The foregoing and other features and advantages of the disclosure will become more apparent from the following detailed description of several embodiments which proceeds with reference to the accompanying figures.

BRIEF DESCRIPTION OF THE FIGURES

The patent or application file may contain one or more drawings executed in color and/or one or more photographs. Copies of this patent or patent application publication with color drawing(s) and/or photograph(s) will be provided by the Patent Office upon request and payment of the necessary fee.

FIGS. 1A-1H. PTEN and TIMP3 are targets of miR-221 and miR-222:

FIG. 1A. PTEN and TIMP3 3′UTRs contain one predicted miR-221 and miR-222 binding site. In FIG. 1A is shown the alignment of the seed regions of miR-221 & 222 with PTEN and TIMP3 3′UTRs. The sites of target mutagenesis are indicated in red. (FIG. 1A discloses SEQ ID NOS 26-29, and 26, 30, 28, and 31, respectively, in order of appearance.)

FIG. 1B. qRT-PCR in MEG01 cells after enforced expression of miR-221 and miR-222.

FIG. 1C. PTEN and TIMP3 3′ UTRs are targets of miR-221 and miR-222. pGL3-PTEN and pGL3-TIMP3 luciferase constructs, containing a wild type (left side of the histograms) or mutated (right side of the histograms) PTEN and TIMP3 3′ UTRs, were transfected into MEG01 cells. Relative repression of firefly luciferase expression was standardized to a transfection control. The reporter assays were performed three times with essentially identical results.

FIG. 1D. qRT-PCR in H460 cells after enforced expression of miR-221 and miR-222.

FIG. 1E. MiR-221 and miR-222 enforced expression decreases endogenous levels of PTEN and TIMP3 proteins in H460 NSCLC. H460 cells were transfected with either scrambled or miR-221 or miR-222 for 72 h. PTEN and TIMP3 expression was assessed by western blot. Loading control was obtained by using anti-β-actin antibody.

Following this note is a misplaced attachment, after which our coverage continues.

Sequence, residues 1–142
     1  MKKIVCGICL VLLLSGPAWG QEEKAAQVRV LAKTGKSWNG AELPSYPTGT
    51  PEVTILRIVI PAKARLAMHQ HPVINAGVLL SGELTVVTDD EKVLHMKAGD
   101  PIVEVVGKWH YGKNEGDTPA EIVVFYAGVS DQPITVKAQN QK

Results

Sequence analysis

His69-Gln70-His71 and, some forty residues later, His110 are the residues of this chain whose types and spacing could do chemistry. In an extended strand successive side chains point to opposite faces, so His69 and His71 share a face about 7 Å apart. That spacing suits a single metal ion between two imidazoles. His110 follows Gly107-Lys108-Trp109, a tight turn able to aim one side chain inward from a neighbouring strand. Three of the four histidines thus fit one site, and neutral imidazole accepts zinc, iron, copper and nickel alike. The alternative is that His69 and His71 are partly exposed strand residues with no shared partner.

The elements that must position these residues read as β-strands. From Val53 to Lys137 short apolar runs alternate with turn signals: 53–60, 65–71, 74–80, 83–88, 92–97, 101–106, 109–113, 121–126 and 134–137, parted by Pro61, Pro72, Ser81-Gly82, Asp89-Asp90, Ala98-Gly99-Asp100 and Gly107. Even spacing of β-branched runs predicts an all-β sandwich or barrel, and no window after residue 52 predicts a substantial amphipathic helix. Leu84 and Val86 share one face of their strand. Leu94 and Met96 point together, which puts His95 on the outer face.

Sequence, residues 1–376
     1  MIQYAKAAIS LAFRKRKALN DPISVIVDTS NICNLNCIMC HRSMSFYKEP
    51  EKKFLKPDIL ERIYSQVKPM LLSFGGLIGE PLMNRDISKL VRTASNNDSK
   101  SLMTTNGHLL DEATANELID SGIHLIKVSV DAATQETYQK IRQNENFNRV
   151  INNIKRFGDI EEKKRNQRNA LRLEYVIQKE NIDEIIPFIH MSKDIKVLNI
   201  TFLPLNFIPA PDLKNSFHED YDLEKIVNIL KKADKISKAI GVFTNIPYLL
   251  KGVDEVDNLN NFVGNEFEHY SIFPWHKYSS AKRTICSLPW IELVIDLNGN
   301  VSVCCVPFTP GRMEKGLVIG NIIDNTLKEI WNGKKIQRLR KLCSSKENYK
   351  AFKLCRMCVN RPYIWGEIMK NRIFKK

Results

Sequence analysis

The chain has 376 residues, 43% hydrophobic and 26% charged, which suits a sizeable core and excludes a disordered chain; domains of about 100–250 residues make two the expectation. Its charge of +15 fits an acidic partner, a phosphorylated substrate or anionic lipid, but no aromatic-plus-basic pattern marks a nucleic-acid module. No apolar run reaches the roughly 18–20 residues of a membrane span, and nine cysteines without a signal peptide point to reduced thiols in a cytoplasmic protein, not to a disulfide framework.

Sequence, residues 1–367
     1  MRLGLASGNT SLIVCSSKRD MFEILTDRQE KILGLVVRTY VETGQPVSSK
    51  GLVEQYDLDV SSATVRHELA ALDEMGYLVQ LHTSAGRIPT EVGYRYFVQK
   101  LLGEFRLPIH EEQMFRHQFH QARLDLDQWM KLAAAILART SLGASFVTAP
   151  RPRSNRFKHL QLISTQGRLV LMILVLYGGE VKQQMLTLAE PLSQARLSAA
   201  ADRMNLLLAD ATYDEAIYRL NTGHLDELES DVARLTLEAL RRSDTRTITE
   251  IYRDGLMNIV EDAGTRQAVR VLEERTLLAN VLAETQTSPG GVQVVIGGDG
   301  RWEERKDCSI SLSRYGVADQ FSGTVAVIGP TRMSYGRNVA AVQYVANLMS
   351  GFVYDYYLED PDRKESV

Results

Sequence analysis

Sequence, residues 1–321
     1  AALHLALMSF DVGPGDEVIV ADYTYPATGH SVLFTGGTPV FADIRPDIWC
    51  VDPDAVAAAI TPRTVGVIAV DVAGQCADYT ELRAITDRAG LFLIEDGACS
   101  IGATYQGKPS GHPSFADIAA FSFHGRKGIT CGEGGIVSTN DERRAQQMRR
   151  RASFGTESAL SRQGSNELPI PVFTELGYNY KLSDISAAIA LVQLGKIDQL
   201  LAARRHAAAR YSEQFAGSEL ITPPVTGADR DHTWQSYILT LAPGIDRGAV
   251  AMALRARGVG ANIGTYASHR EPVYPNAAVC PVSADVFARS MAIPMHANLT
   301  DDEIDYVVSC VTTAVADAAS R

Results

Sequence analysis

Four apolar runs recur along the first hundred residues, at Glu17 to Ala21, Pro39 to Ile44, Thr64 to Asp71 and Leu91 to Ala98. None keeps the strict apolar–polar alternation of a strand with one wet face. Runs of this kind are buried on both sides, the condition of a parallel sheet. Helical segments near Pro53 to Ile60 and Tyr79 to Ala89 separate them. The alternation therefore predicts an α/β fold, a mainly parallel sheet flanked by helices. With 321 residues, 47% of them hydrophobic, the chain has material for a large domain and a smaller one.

FIG. 1F. qRT-PCR showing miR-221&222 downmodulation in Calu-1 cells after anti-miRs transfection.

FIG. 1G. Western blot showing PTEN and TIMP3 expression after miR-221 and miR-222 downregulation by using anti-miR-221 and miR-222. Anti-miR-221 and -222 were able to increase PTEN and TIMP3 expression in Calu-1 cell line.

FIG. 1H. qRT-PCR of PTEN and TIMP3 mRNA after miR-221 and miR-222 forced expression in H460 cells. PTEN but not TIMP3 mRNA was downregulated by miR-221 and miR-222. Data are presented as SD.

FIGS. 2A-2B. PTEN and TIMP3 expression is inversely related to that of miR-221 and miR-222 in NSCLC and HCC.

FIG. 2A. MiR-221 and -222 expression levels was assessed by northern blot analysis using 15 μg of total RNA for NSCLC and 10 μg of total RNA for HCC cells. Western Blots anti-PTEN and TIMP3 were performed using total proteins extract (50 μg) isolated from the different NSCLC and HCC.

FIG. 2B. qRT-PCR of miR-221&222 and PTEN mRNA was performed by extracting RNA from the different NSCLC and HCC as described in the “Supplemental Experimental Procedures” section. MiR-221 and miR-222 were inversely related to PTEN mRNA expression in all the different NSCLC and HCC cells. Data are presented as SD.

FIGS. 3A-3L. PTEN and TIMP3 are direct targets of miR-221 and miR-222 in HCC in vitro and in vivo.

FIG. 3A. Western blot showing PTEN and TIMP3 expression in Sk-Hep1 and Snu-387 cells after miR-221 and miR-222 overexpression or downregulation. MiR-221 and miR-222 were able to downregulate PTEN and TIMP3 expression in Sk-Hep1; conversely, anti-miR-221 and miR-222 were able to increase PTEN and TIMP3 expression in Snu-387 cells.

FIG. 3B. qRT-PCR on 22 lung cancer patients and 10 normal lung tissues. The association between miR-221/222 and PTEN mRNA for the 10 subjects in the normal class and for the 22 subjects in the tumor class was calculated statistically by using the Pearson Correlation Coefficient (r) and the respective p-value, all significant at p0.05. The Pearson correlation indicated an inverse relation between miR-221,-222 and PTEN mRNA in the normal and tumor samples.

FIG. 3C. IHC and ISH on hepatocarcinoma and normal liver tissues samples. MiR-221/222 (blue) and PTEN/TIMP3 (red) expression were inversely related in liver cancers and the adjacent normal/cirrhotic liver tissues. These tissues were analyzed for miR-221 and miR-222 expression by in situ hybridization, followed by immunohistochemistry for PTEN and TIMP3. Liver cancer cells abundantly expressed miR-221/222 and rarely expressed PTEN or TIMP3 (FIGS. 3G, 3H, 3K, 3L) whereas the adjacent non-malignant liver abundantly expressed PTEN or TIMP3 and rarely had detectable miR-221/222 (FIG. 3A, 3B, 3E, 3F). In the cases of hepatocellular carcinoma where both miR-221/222 and TIMP3 expression were noted, the cancer cells expressing miR-221 (large arrow, FIG. 3K; TIMP3 is depicted by arrow in FIG. 3L) were distinct from those cells expressing TIMP3 (FIG. 3K, small arrow). FIGS. 3C-3I, 3H & 3E; 3D-3J miR-302, which is not express in liver, was used as negative control. 80 human HCC were analyzed. Scale bars indicate 25 m.